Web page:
Does a Large Retiree Population Affect Investment Returns?

By Ted Godbout • September 08, 2017 • 0 Comments
A population with more retirees than workers will reduce the demand for and increase the supply of savings, putting downward pressure on investment returns, according to a compilation of research reviewed in a recent issue brief by the Center for Retirement Research at Boston College (CRR).

The brief, “How Will Retirees Affect Investment Returns,” reviews various studies on what effect the ongoing transition to an older society with a larger share of retirees could have on private savings and investment returns.

CRR notes that it is unclear how strong this “downward pressure” on investment returns would be, but it would be less intense if retirees drew down more of their savings and if Social Security benefits remain at their current level, as workers would not need to accumulate more savings than they currently have to support themselves in retirement.

The brief suggests that the demographic transition is expected to affect the supply and demand for savings by reducing the growth of the working-age population and by changing the overall age composition of the population. It notes that the “sharp deceleration in the growth of the working-age population means that the economy needs far less savings to build new offices, factories, roads, and machinery than it had when the labor force was rapidly expanding.” Accordingly, this decline in the demand for savings should lower investment returns, the brief surmises.

The brief explains that the demographic transition is largely responsible for Social Security’s long-term financing shortfall. If it reduces investment returns, it will also weaken private savings as the other component of the nation’s retirement income system, forcing workers to save more than they currently do to maintain their standard of living in retirement. “Such a significant increase in the supply of savings, and especially in the supply of savings per worker, would clearly put downward pressure on investment returns,” the brief concludes.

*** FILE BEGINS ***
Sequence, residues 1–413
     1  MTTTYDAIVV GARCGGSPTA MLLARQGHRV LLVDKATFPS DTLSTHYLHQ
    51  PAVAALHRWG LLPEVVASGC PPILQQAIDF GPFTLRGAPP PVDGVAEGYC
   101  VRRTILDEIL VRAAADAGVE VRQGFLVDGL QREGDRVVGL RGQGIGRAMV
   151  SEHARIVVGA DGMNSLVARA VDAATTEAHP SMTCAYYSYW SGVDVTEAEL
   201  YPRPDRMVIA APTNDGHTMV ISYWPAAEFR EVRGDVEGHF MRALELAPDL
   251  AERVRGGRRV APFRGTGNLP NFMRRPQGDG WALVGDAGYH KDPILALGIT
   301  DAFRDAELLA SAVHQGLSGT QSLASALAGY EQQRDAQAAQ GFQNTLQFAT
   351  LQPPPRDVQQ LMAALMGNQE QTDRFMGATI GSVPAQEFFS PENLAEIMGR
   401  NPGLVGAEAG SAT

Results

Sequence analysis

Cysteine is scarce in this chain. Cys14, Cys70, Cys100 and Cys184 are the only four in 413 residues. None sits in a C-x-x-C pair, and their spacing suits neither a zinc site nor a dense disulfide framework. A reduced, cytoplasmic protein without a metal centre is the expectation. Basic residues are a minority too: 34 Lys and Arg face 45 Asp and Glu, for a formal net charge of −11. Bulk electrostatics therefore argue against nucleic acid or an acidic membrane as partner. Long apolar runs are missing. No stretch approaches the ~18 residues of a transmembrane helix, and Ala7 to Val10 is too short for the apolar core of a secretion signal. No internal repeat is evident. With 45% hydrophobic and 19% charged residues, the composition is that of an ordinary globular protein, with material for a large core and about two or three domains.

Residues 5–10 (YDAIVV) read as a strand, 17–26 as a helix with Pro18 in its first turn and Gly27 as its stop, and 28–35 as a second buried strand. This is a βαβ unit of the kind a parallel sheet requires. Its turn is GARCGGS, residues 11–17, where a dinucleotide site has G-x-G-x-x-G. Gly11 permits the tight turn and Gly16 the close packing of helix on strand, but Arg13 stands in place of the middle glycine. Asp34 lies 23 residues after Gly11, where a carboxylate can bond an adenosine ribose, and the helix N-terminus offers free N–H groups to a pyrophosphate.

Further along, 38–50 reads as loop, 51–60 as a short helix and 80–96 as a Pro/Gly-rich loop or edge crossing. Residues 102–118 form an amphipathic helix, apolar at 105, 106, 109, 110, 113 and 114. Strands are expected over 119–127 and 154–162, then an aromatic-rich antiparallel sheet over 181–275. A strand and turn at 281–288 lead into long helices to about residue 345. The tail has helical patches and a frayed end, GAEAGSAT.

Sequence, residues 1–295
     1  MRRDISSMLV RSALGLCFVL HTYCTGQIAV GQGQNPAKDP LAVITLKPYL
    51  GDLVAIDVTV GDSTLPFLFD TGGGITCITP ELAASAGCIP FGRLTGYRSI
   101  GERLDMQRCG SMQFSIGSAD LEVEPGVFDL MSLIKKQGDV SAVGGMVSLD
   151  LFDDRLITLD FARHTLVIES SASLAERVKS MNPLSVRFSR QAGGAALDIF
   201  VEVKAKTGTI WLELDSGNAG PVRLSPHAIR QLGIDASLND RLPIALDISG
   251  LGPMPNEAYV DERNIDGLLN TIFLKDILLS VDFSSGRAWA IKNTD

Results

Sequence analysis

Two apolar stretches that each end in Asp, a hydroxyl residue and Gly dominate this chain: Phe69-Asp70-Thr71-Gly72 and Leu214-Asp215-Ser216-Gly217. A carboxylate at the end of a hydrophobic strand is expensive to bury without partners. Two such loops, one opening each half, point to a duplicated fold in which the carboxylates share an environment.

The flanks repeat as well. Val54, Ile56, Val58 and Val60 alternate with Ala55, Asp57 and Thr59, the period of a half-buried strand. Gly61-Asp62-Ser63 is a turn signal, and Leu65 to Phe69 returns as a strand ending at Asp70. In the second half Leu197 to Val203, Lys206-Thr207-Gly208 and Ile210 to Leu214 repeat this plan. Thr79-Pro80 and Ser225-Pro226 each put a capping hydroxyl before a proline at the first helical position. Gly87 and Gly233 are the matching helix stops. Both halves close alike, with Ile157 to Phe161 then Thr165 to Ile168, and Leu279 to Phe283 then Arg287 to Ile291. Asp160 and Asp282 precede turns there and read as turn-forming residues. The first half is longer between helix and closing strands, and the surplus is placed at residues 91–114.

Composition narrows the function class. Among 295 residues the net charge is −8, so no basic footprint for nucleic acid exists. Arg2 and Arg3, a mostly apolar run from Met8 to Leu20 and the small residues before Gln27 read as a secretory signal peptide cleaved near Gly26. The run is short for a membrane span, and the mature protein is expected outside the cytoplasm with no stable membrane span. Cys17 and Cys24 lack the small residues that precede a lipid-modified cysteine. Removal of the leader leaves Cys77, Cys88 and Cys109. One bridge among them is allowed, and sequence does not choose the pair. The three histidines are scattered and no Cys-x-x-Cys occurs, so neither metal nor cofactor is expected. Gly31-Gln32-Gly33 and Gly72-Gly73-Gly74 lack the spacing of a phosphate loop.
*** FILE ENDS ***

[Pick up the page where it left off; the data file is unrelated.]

In reviewing studies that used historical data to identify relationships between the age structure of the population and investment returns, CRR notes that some studies find evidence that an increase in the share of young workers increases the demand for savings and drives up the income generated by a dollar invested in stocks or bonds, consistent with the lifecycle hypothesis. In addition, studies also find some evidence that an increase in the share of older workers increases the supply of savings and drives down investment returns, also consistent with the lifecycle hypothesis.

In contrast, other studies reach the opposite conclusion. The brief suggests that the empirical evidence on the effect of the age structure is “hardly robust” and the results are sensitive to the period analyzed, the countries in the sample, and changes in variable definitions and modeling assumptions.

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